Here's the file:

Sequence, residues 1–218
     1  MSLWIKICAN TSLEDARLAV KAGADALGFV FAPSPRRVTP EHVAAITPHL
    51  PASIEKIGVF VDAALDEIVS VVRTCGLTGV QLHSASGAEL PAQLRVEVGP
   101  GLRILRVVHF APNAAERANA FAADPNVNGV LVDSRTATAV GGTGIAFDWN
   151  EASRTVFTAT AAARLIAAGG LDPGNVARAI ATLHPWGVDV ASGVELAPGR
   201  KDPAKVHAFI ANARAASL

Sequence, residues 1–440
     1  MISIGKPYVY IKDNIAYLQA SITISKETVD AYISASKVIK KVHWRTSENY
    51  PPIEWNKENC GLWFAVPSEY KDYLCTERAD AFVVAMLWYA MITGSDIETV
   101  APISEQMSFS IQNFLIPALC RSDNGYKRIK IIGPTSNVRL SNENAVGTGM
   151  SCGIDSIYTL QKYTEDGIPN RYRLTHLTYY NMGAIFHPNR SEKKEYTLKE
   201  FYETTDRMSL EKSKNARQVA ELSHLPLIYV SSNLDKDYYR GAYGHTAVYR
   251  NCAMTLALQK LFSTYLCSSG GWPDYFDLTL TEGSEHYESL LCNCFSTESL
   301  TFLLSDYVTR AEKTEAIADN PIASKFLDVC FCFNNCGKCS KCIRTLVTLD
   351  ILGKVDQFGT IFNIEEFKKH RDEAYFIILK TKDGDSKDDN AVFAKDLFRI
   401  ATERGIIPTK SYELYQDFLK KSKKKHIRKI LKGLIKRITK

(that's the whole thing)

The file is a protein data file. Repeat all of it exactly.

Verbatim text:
Sequence, residues 1–218
     1  MSLWIKICAN TSLEDARLAV KAGADALGFV FAPSPRRVTP EHVAAITPHL
    51  PASIEKIGVF VDAALDEIVS VVRTCGLTGV QLHSASGAEL PAQLRVEVGP
   101  GLRILRVVHF APNAAERANA FAADPNVNGV LVDSRTATAV GGTGIAFDWN
   151  EASRTVFTAT AAARLIAAGG LDPGNVARAI ATLHPWGVDV ASGVELAPGR
   201  KDPAKVHAFI ANARAASL

Sequence, residues 1–440
     1  MISIGKPYVY IKDNIAYLQA SITISKETVD AYISASKVIK KVHWRTSENY
    51  PPIEWNKENC GLWFAVPSEY KDYLCTERAD AFVVAMLWYA MITGSDIETV
   101  APISEQMSFS IQNFLIPALC RSDNGYKRIK IIGPTSNVRL SNENAVGTGM
   151  SCGIDSIYTL QKYTEDGIPN RYRLTHLTYY NMGAIFHPNR SEKKEYTLKE
   201  FYETTDRMSL EKSKNARQVA ELSHLPLIYV SSNLDKDYYR GAYGHTAVYR
   251  NCAMTLALQK LFSTYLCSSG GWPDYFDLTL TEGSEHYESL LCNCFSTESL
   301  TFLLSDYVTR AEKTEAIADN PIASKFLDVC FCFNNCGKCS KCIRTLVTLD
   351  ILGKVDQFGT IFNIEEFKKH RDEAYFIILK TKDGDSKDDN AVFAKDLFRI
   401  ATERGIIPTK SYELYQDFLK KSKKKHIRKI LKGLIKRITK